Mr. Fatchett

Will the Minister give way?

Mr. Jackson

The hon. Gentleman has had his chance to make his speech. Let me make mine.

The hon. Member for Leeds, Central alleged that there was inadequate consultation before the regulations were made. He made much of that, but he will not let me deal with it. The regulations were shown in draft to the local authority associations, which had no observations on them. We did not consult more widely because the regulations had been debated during the passage of the Education (No. 2) Act 1986. We believed them to be based on accepted principles. I refer the hon. Gentleman to the speech made by my hon. Friend the Member for Bath (Mr. Patten) who was the Minister of State, Department of Education and Science when the matter was going through the House.

The regulations apply only to maintained further education institutions. They form part of the present scheme of governance of those institutions as required by the Education (No. 2) Act 1968.

The forthcoming legislation to reform education will reconstitute the polytechnics and colleges. The governing bodies will have a central role. They will have much more responsibility. The institutions will have to make new articles of government which will require the approval of my right hon. Friend the Secretary of State. We will be looking carefully to see whether it would be appropriate to apply to the new sector of higher education provisions similar to those in the regulations now before the House. We shall be consulting widely about that at the appropriate time. We shall take careful account of the points made in tonight's debate when we draw up those regulations.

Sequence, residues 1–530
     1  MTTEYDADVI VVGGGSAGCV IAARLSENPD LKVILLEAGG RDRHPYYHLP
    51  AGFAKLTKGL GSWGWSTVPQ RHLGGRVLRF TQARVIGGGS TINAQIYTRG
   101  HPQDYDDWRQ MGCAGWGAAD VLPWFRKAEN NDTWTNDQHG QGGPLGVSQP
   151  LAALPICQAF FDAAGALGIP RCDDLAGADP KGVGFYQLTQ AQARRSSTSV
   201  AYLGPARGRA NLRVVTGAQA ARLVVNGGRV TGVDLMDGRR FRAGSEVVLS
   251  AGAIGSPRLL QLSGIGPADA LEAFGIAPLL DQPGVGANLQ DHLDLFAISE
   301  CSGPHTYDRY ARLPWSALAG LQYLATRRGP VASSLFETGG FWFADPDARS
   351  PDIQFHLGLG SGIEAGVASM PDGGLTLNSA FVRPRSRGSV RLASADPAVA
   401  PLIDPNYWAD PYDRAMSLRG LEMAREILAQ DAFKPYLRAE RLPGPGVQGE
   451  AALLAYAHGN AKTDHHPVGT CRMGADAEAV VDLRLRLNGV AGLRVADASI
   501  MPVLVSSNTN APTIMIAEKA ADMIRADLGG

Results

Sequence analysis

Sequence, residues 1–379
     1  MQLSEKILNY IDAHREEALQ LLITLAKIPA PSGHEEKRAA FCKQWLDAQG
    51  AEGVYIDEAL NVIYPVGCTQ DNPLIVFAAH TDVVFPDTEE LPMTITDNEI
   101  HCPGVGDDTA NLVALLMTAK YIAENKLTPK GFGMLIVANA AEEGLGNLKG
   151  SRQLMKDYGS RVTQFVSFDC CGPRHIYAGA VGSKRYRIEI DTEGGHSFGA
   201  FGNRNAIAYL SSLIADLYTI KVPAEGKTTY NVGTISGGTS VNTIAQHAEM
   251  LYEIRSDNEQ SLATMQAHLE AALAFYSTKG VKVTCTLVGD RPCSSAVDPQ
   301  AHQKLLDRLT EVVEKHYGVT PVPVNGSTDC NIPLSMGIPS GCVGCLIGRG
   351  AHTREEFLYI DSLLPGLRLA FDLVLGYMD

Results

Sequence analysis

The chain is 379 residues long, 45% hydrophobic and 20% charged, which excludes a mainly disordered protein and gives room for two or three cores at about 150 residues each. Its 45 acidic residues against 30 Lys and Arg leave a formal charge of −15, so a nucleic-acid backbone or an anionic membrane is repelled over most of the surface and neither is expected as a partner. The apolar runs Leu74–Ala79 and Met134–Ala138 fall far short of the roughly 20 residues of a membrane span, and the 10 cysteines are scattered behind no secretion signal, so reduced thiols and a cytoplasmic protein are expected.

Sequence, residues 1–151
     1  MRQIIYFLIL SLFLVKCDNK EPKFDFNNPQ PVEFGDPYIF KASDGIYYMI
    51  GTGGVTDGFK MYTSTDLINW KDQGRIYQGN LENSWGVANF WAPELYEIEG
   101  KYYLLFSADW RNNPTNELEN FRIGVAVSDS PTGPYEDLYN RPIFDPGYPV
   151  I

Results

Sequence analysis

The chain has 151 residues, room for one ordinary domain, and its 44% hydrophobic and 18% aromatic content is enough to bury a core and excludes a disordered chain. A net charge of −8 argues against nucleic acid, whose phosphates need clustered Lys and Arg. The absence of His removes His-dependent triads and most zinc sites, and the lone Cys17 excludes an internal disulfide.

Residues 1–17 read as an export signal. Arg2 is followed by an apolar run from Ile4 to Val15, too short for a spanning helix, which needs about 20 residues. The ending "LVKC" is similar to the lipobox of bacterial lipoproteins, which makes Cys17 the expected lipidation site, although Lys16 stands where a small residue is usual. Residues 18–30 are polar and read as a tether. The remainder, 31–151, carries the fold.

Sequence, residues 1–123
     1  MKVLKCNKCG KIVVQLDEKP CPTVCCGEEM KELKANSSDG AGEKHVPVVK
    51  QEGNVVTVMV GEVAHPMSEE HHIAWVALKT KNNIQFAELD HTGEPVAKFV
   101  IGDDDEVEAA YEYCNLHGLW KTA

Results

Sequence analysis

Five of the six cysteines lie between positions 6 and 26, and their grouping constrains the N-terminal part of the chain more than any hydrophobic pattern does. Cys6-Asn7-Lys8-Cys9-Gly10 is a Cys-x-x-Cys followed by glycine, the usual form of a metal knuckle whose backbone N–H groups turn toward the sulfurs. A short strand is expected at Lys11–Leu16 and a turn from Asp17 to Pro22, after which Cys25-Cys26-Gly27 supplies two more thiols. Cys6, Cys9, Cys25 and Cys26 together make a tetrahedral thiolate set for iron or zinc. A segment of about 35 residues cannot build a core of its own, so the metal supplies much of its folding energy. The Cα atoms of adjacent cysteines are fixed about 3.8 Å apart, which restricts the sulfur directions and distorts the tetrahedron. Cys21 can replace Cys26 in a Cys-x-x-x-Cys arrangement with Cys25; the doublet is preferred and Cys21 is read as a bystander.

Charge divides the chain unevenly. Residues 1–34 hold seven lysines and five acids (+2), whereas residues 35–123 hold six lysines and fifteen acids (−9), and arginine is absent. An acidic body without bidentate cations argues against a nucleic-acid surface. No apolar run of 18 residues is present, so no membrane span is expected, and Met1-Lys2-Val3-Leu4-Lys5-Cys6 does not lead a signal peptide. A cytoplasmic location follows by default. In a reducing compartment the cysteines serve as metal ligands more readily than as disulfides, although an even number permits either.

I believe that the regulations are well founded and I ask the House to reject the prayer for their annulment.

10.54 pm
Mr. Paddy Ashdown (Yeovil)

The House will note and recall that the Minister refused to give way on a number of perfectly legitimate questions on which we sought clarification, and to which the Minister might have provided an answer in the middle of his speech. However, knowing the way in which Front-Bench Members of this Government behave, I have no confidence that, if I were to ask a question now, it would be answered at the end of the debate.

I shall ask the questions that I was hoping to ask but it will not pass the notice of the House that the Minister once again refused to give way to several legitimate interventions. That characterises the attitude that he has taken over the regulations whenever he has been questioned about them, whether by the National Union of Students or any other body. It is indicative of the arrogance and lack of consultation that has characterised the way in which the Government have pushed through their so-called consultation paper. —[Interruption.] No doubt those Conservative Members who are sniggering are among those who would regard this as a matter of not very great importance. [Interruption.] Madam Deputy Speaker, we have a limited amount of time and the more that Conservative Members interrupt me — [Interruption]—Conservative Members are causing me to spend longer making my speech than I otherwise might. If I were to be given a modicum of silence, I might be able to get through my speech and they might have the chance to make their speeches.